REX.W+03/r  ADD r64,r/m64   RM   Valid  N.E.      Add r/m64 to r64.

and, from the REX description

In 64-bit mode, the instruction’s default operation size is 32 bits. … Using a REX prefix in the form of REX.W promotes operation to 64 bits.

So, we get

REX.W = 1

The ‘R’, ‘X’ and ‘B’ bits are related to the operand encoding (check “Table 2-4. REX Prefix Fields [BITS: 0100WRXB]” of the reference volume 2A).

REX.X bit modifies the SIB index field.

SIB is not used in this instruction. Hence,

REX.X = 0

Let’s further look at the encoding of the operands. From the “Instruction Operand Encoding” for the add instruction:

Op/En Operand 1      Operand 2    Operand 3 Operand 4
RM    ModRM:reg(r,w) ModRM:r/m(r) NA        NA

There will be 2 operand parts for the RM encoding. The first part will be ModRM:reg(r,w) and the second part will be ModRM:r/m(r). “Figure 2-4. Memory Addressing Without an SIB Byte; REX.X Not Used” from Volume 2 shows the encoding for this case.


The REX.R and REX.B bits and the ModeRM byte will be decided accordingly. There are 3 parts in the ModRM byte: ‘mod’, ‘reg’ and ‘r/m’.

There is a table “Table 2-2. 32-Bit Addressing Forms with the ModR/M Byte” (it is for 32-bit operands. But from, “In 64-bit mode, these formats do not change. Bits needed to
define fields in the 64-bit context are provided by the addition of REX prefixes” and hence the same value can be used) in Volume 2 which shows mapping of the operands combinations to the bits values of ‘mod’.

Although the table applies to 64-bit modes too, it does not show the additional registers like r8. Hence, we only use it to find out bits for ‘Mod’ only for the addq instruction we are encoding it. As 0xa can be encoded in a byte, we can use disp8 to keep the instruction encoding short. From the row of [EDI]+disp8 (actually, all disp8 ones share the same ‘Mod’ bits),

Mod = 01 (in bits)

For the encoding of the registers, I compiled a table for the general purpose 64-bit registers for your reference:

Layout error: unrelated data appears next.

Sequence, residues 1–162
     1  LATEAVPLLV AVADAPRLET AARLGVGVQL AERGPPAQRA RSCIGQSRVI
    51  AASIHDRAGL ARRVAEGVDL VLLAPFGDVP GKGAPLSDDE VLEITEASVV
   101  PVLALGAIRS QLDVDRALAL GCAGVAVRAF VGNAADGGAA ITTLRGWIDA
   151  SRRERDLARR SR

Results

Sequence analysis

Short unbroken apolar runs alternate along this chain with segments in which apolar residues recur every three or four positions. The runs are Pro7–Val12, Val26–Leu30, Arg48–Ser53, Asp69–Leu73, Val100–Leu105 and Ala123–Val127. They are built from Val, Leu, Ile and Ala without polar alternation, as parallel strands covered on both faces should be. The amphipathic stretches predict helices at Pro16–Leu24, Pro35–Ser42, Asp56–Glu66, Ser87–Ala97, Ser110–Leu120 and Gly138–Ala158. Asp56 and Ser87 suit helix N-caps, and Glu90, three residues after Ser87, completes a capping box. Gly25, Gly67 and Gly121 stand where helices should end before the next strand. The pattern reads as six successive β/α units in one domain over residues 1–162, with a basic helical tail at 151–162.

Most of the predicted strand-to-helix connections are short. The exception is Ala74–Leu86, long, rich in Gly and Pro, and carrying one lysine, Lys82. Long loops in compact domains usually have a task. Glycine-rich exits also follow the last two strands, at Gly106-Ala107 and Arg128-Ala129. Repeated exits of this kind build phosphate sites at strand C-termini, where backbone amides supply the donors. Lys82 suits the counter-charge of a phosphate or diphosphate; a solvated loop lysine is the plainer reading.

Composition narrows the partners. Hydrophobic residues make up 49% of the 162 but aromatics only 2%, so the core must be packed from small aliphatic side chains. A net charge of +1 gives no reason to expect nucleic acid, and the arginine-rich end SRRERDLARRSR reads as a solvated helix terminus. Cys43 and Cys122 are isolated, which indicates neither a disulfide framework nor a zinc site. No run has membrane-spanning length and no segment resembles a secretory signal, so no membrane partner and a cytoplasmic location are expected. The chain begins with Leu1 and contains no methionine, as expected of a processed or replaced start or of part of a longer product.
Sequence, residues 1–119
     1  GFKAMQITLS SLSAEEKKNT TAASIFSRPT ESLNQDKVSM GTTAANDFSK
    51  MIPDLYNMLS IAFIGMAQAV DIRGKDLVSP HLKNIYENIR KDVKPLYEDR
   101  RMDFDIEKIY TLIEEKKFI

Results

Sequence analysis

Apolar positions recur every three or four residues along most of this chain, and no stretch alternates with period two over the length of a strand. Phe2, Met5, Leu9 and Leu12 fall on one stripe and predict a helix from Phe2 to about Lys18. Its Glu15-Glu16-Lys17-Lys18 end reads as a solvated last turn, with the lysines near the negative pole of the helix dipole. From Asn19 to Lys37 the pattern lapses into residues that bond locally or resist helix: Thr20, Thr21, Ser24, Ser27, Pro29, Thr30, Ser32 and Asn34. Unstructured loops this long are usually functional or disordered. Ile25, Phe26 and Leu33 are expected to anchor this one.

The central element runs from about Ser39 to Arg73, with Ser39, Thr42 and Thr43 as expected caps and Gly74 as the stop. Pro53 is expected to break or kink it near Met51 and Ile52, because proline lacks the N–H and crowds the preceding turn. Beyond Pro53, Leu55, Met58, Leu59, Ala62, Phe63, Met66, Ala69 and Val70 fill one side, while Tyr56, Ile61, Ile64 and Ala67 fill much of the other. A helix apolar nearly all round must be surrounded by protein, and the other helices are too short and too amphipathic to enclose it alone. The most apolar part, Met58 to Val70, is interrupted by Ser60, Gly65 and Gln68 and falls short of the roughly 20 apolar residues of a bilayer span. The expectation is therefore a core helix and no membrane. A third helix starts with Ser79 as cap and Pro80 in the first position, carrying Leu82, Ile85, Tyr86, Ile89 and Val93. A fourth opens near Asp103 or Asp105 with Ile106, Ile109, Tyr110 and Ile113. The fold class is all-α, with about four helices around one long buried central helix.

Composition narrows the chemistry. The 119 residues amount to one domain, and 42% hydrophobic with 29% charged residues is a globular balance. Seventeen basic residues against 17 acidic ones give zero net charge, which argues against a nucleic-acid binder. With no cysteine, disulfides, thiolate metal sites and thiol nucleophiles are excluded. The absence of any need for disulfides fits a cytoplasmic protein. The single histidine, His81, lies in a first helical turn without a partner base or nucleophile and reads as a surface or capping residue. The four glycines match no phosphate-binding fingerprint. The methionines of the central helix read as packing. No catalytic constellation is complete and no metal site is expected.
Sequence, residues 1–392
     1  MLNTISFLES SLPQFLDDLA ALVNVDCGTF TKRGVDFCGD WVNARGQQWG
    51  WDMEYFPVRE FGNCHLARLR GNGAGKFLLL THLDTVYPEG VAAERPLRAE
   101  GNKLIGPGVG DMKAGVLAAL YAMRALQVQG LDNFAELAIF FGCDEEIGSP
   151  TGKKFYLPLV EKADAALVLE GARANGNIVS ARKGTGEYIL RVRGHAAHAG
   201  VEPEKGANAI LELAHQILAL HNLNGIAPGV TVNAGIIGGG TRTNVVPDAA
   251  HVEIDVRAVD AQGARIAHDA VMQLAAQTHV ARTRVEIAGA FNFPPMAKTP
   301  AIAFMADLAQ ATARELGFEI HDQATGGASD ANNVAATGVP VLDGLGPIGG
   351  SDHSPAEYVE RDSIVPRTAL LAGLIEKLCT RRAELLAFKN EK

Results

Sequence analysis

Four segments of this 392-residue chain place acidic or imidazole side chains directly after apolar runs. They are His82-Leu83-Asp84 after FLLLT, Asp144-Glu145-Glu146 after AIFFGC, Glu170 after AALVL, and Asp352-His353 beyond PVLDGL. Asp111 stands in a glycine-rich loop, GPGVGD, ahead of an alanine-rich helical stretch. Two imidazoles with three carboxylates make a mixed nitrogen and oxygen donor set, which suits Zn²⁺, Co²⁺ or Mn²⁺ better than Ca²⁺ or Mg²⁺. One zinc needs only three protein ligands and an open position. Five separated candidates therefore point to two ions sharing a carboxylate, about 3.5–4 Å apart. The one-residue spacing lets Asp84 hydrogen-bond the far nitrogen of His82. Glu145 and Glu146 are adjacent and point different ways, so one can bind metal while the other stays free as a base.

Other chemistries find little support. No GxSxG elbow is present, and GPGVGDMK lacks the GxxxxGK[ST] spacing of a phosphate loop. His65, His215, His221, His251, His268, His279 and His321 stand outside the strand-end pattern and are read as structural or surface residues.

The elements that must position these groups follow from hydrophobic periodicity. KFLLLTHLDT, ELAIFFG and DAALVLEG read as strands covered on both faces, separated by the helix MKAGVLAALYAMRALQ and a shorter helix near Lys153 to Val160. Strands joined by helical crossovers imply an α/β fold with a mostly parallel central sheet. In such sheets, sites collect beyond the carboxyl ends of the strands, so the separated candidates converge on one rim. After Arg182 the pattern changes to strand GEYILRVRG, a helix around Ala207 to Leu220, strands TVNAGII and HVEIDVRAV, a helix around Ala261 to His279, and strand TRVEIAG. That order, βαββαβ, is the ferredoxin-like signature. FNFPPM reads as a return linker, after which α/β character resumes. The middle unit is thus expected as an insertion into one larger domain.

_.Reg  Register
0.000   RAX
0.001   RCX
0.010   RDX
0.011   RBX
0.100   RSP
0.101   RBP
0.110   RSI
0.111   RDI
1.000   R8
1.001   R9
1.010   R10
1.011   R11
1.100   R12
1.101   R13
1.110   R14
1.111   R15

The ‘‘ in the ‘.Reg’ are usually a bit in the REX prefix, such as REX.B and REX.R, depending on specific instructions and operand combinations.

For the addq instruction in this case, r8 is 1.000 and rdi is 0.111. Hence, in bits, we get

reg = 000
r/m = 111
REX.B = 0 (from `rdi`)
REX.R = 1 (from `r8`)

Now, let’s put them together.

By putting the ‘WRXB’ bits ([BITS: 0100WRXB]) together, we get the REX prefix for this instruction is

0100 1100

Together with the 03 in REX.W+03/r from the reference for the ADD instruction, the opcode part, in hexadecimal, is

4c 03

By putting the mod, reg and r/m together, we get the ModRM byte (in bits)

01 000 111

which is, in hexadecimal,


Following the ModRM byte is the displacement is 0xa(10‘s hexadecimal representation) in one byte (disp8).

Putting all these together, we finally get the encoding of add r8,[rdi+0xa]:

4c 03 47 0a

In this example, to show the process, I have shown how to manually do an instruction’s encoding which is usually done by the assembler. You may use the same method to encode all other instruction by checking the reference documents for details of every instruction/operand combinations’ cases. Enjoy low level system programming!

Eric Ma

Eric is a systems guy. Eric is interested in building high-performance and scalable distributed systems and related technologies. The views or opinions expressed here are solely Eric's own and do not necessarily represent those of any third parties.


Leave a Reply

Your email address will not be published. Required fields are marked *